State of the Union: 'Shadow of crisis has passed' | us news

State of the Union: ‘Shadow of crisis has passed’

21 Jan 2015 | Author: | No comments yet »

6 big topics left out of the State of the Union.

President Obama talked about a lot of things in his State of the Union message on Tuesday night, but what was striking was what he didn’t mention — at least in the education world. The big debate at the moment in education centers around No Child Left Behind and how Congress, which is taking up a rewrite of the law, will address growing concerns about annual standardized testing that the law requires in Grades 3 – 8, and once in high school. But the first tech moment of the address came before he had even taken the stage, when the White House released the prepared remarks on blogging platform Medium.

Here were a few of the biggest omissions from the speech: The Affordable Care Act — Obama’s defining policy accomplishment — was never mentioned by name during the speech. Fifteen years that dawned with terror touching our shores; that unfolded with a new generation fighting two long and costly wars; that saw a vicious recession spread across our nation and the world. The administration posted the speech directly online and shared links through social media a few minutes before the speech was scheduled — roughly the same time it shared it with reporters.

Lamar Alexander, the Republican from Tennessee who has taken over leadership of the Senate education committee, is holding his first hearing on NCLB on Wednesday. Thousands of foreign fighters have joined with Muslim extremists in Syria and Iraq, and their fanatical cause has inspired sympathizers across the globe: 17 killed by terrorists in Paris; terrorism raids and a shootout in Belgium; a hunt for sleeper cells across Europe; a gunman attacking the Canadian Parliament; an Ohio man arrested after buying guns and ammunition, allegedly with plans to attack the Capitol. It has been, and still is, a hard time for many.” Obama told Congress that “we can choose who we want to be over the next 15 years, and for decades to come” by implementing policies that ensure income equality and “expanding opportunity” for all Americans.

The implementation of the Common Core State Standards and Common Core testing is also a hot education topic, but you wouldn’t know it from listening to Obama. American leadership, Obama asserted before a joint session of Congress on Tuesday, has been crucial to thwarting the Islamic State of Iraq and the Levant, inflicting economic pain on Putin’s Russia, thawing relations with Cuba and averting potential war with Iran.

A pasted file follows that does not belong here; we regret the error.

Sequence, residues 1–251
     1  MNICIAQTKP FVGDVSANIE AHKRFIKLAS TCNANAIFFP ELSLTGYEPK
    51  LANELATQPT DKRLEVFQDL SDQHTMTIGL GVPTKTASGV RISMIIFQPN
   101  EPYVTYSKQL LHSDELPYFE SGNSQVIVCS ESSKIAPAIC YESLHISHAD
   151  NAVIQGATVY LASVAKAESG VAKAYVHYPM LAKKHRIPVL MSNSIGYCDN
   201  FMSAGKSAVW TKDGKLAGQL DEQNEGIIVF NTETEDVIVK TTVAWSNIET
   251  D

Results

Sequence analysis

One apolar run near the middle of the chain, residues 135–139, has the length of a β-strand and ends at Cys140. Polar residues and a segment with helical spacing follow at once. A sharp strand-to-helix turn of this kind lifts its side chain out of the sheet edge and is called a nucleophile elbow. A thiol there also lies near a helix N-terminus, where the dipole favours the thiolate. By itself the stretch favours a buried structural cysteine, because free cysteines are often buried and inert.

There were a couple oblique references to the falling uninsured rate and the health cost slowdown, and to a new “Precision Medicine Initiative to bring us closer to curing diseases like cancer and diabetes,” but that was it. He did push his new plan for the federal government to provide free tuition for students to attend two-year community colleges, and said he wants to make it easier for families to pay for high-quality child care. That is comeuppance, he said, for Republican critics who say the man who declined to bomb Syria or arm the Ukrainians is too timid in the face of foreign adversaries: “When we make rash decisions, reacting to the headlines instead of using our heads; when the first response to a challenge is to send in our military — then we risk getting drawn into unnecessary conflicts, and neglect the broader strategy we need for a safer, more prosperous world,” Obama said. “That’s what our enemies want us to do.” Obama was particularly boastful — cocky, even — about the dismal state of Putin’s economy. “Last year, as we were doing the hard work of imposing sanctions along with our allies, some suggested that Mr. Obama touched on childcare and on expanding access to higher education, but on K-12 he just mentioned the rising high school graduation rate and improving test scores. And it’s not just unemployment: the economy grew last quarter at a 5 percent annualized rate, and a gallon of gas is less than $2 in much of the country.

Or will we commit ourselves to an economy that generates rising incomes and chances for everyone who makes the effort? … The policies will continue to work, as long as politics don’t get in the way.” Yet Obama, sounding more like the Democratic candidate championing “Hope” and “Change” who campaigned for the highest office in the land years ago, set an ambitious domestic agenda that includes a wide range of domestic reforms on issues such as immigration that Republicans have already indicated they are resistant to. The reporters then start sending it around town to folks on Capitol Hill to get their reaction, then those people send it to all their friends, and eventually everyone in Washington can read along, but the public remains in the dark. But tonight, we turn the page.” Obama, full of swagger, turned the page — several pages — from the start of his address, when he assured Americans that “the shadow of crisis has passed,” before arriving at his discussion of national security. Similarly, Obama cast his international coalition against ISIL as a diplomatic effort as much as a military one, contrasting it with the major ground wars launched by his Republican predecessor in Iraq and Afghanistan. “Instead of getting dragged into another ground war in the Middle East, we are leading a broad coalition, including Arab nations, to degrade and ultimately destroy this terrorist group,” Obama said. While he alluded to the shootings in Tucson and Newtown, Obama did not mention or call for measures to restrict access to high-ammunition guns, or improve background checks.